More Torque: Bolt Stretch and Torque Angle

Recently we examined fastener torque. Torque wrenches are important. No secret, but the level of technical sophistication out there today has increased (dramatically) from simply using a torque wrench, tightening to a specified number and calling the job one. Many specs now call for fastener torque angle or bolt stretch. When it comes to torque angle, you begin with a pre-established torque figure — let’s say 30 foot-pounds on the fastener. Then you install the torque angle meter and turn the fastener an additional (specified) x-number of degrees on the gauge. When the correct angle (degrees on the gauge) is met, this means the fastener is properly loaded.

Simple enough, but there’s another tool in the arsenal that can accomplish the same thing, but with more accuracy. And that’s a stretch gauge. There are a couple of ways to use a stretch gauge. For some fasteners, you can use a box-end wrench on the fastener in conjunction with the stretch gauge. As you tighten it, you can actually watch the fastener stretch on the gauge face. With this method, there are certainly limitations. It’s sometimes tough to get a box end wrench on some of the fasteners (especially on the engine). In addition, with the considerable loads necessary to stretch large rod bolts, you might not have sufficient leverage with a common box end – even a long one. There is another way to do this:

Using a rod bolt as the example, first determine a baseline torque figure (ARP lists them for their bolts). Next, snug the rod bolts lightly. The stretch gauge should now be installed on a given rod bolt, preloaded slightly and then the gauge must be zero’d. Remove the stretch gauge. Go back to that bolt and torque it to the baseline number (obviously, using a torque wrench). Reinstall the stretch gauge and check the amount of bolt stretch. If it hasn’t reached the spec stretch, then you increase the torque (typically you can go up in 3-5 foot pound increments) and check again. Continue to go back and forth (between torquing and measuring stretch) until the desired figure is reached on the stretch gauge. Some folks check the stretch of the rods out of the engine in a vice. With a conventional un-skirted block, it can be accomplished right on the engine. Additionally, some folks check the stretch on two rod bolts, figure out the torque needed and use the figure for all of them. I don’t do that. Instead, I check each rod bolt in the engine. As it turns out, some need more torque than others in order to reach the desired stretch. There are several reasons for this, but in reality, a torque wrench isn’t 100% accurate and a torque angle meter isn’t either. I checked fasteners that I used a torque angle gauge on and while they were close, they weren’t 100% right either when compared to the bolt stretch method. The bottom line here is, measuring bolt stretch is absolutely the best way to do it, at least in this point in time.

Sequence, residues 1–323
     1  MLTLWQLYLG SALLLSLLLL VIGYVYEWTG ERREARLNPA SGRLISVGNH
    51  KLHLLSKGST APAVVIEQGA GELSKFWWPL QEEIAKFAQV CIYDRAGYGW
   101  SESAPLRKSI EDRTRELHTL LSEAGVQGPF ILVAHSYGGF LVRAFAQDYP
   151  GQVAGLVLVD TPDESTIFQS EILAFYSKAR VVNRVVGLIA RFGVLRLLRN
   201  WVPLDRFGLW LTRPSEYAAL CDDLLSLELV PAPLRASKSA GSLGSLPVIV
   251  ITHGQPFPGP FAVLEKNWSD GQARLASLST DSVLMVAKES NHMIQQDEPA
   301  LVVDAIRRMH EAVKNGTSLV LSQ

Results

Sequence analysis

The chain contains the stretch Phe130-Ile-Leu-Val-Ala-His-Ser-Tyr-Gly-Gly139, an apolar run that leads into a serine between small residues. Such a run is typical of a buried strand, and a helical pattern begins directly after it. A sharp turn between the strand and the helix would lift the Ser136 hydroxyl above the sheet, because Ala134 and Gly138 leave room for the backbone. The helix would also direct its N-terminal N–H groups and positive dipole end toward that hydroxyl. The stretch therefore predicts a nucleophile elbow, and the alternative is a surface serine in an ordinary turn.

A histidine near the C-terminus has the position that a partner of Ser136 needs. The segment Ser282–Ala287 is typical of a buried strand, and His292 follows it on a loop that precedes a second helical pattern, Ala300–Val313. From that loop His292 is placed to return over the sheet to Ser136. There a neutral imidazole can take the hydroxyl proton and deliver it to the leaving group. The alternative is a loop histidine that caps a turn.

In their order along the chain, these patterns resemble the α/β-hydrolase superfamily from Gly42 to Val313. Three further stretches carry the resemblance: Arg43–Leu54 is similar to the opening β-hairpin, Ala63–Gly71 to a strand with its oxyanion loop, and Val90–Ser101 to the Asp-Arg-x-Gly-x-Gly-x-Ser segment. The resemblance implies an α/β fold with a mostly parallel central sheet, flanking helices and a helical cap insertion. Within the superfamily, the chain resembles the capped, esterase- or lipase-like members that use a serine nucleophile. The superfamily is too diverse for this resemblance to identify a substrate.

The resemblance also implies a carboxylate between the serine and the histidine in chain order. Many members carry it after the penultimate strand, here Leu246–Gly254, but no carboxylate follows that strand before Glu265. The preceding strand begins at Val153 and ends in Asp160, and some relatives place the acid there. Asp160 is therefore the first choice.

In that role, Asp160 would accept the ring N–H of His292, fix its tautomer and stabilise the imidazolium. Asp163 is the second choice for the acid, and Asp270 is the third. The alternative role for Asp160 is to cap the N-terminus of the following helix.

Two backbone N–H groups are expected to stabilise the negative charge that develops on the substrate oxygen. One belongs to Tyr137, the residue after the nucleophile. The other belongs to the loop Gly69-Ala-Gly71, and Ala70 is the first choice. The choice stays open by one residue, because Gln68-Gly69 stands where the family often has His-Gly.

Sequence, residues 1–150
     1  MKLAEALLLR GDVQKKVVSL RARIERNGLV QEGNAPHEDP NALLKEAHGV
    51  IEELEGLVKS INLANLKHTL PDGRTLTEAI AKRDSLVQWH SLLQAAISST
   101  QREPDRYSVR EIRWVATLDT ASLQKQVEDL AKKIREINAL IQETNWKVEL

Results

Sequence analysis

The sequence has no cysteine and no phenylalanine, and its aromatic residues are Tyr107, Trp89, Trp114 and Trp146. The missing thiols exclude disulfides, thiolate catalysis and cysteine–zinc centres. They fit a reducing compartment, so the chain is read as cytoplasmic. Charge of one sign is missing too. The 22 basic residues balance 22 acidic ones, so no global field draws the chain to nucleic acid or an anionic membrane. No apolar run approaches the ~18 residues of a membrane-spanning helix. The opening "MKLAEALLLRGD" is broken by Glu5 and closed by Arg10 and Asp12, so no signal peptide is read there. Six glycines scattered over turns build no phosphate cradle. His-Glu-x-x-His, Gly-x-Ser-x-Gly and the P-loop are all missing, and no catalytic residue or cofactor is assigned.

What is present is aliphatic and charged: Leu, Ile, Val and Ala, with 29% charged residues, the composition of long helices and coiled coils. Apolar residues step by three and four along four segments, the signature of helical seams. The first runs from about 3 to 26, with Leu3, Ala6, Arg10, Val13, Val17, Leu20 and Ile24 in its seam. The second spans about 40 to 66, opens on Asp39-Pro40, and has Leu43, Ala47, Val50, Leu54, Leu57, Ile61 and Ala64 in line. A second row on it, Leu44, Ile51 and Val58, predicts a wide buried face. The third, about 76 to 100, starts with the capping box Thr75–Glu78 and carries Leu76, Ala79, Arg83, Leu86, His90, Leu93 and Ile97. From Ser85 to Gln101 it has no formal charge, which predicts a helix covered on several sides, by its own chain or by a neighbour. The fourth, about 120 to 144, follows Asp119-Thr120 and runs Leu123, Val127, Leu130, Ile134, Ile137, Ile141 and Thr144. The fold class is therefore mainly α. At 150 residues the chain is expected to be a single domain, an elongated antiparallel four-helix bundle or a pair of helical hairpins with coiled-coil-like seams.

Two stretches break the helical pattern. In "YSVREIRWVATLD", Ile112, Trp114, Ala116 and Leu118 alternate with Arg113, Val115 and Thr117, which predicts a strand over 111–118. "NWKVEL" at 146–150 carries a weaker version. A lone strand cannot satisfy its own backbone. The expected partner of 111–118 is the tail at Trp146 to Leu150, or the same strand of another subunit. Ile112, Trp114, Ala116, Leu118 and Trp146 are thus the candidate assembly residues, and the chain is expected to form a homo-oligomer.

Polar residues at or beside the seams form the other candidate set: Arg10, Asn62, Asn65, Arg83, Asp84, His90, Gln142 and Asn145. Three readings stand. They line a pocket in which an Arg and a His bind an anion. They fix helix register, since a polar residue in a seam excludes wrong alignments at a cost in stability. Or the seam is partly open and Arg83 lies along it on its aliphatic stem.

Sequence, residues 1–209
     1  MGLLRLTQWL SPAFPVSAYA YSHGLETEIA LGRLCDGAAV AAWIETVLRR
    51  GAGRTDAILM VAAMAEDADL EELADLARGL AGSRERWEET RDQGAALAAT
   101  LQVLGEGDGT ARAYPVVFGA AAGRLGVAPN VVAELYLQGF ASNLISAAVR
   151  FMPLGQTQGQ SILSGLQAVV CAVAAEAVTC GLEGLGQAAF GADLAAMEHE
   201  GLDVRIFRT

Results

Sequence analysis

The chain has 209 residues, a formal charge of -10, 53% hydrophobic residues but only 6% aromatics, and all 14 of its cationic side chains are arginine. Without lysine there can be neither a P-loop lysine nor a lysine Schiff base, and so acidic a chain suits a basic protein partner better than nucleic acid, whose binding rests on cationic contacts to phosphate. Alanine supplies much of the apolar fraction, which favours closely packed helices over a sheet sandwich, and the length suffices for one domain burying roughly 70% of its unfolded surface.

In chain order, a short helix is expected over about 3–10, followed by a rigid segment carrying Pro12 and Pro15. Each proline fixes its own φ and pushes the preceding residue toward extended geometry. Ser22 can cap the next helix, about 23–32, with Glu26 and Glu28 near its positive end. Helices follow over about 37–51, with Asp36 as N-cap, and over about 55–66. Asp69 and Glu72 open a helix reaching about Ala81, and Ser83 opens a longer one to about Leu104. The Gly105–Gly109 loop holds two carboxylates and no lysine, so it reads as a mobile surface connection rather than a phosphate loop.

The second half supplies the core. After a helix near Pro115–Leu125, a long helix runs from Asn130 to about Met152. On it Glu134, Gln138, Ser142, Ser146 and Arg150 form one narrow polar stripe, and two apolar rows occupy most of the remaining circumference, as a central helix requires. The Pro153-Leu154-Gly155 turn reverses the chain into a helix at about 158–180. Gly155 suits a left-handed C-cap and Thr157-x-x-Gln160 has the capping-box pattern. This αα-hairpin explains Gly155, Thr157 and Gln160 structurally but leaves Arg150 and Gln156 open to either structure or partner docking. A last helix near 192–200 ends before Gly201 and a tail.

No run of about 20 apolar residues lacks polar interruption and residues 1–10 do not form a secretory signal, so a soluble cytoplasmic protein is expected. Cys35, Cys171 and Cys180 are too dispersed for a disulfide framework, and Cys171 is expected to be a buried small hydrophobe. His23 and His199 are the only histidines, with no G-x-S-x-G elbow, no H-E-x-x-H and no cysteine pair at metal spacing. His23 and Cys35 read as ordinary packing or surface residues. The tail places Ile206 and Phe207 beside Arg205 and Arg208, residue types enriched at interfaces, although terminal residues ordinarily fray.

No secret, you’ll need a specialty stretch gauge to accomplish the task at hand. There are a number of different examples out there, and most operate in the same fashion. The tool in the photos is an ARP 100-9942. This tool has a dial indicator with increments on the dial face of 0.0005-inch. The tool body is black anodized billet aluminum, and it comes complete with a plastic carrying case.

Keep in mind that when it comes to stretch gauges, there’s a broad range of price points – basically something for every budget. The ARP model shown here isn’t the cheapest – it can be purchased for $270 or less (at the time of this writing). You can buy less costly examples, but most do not offer the accuracy of the ARP gauges (ARP, 1863 Eastman Ave., Ventura, CA 93003; Website:

Check out the following photos for a better look: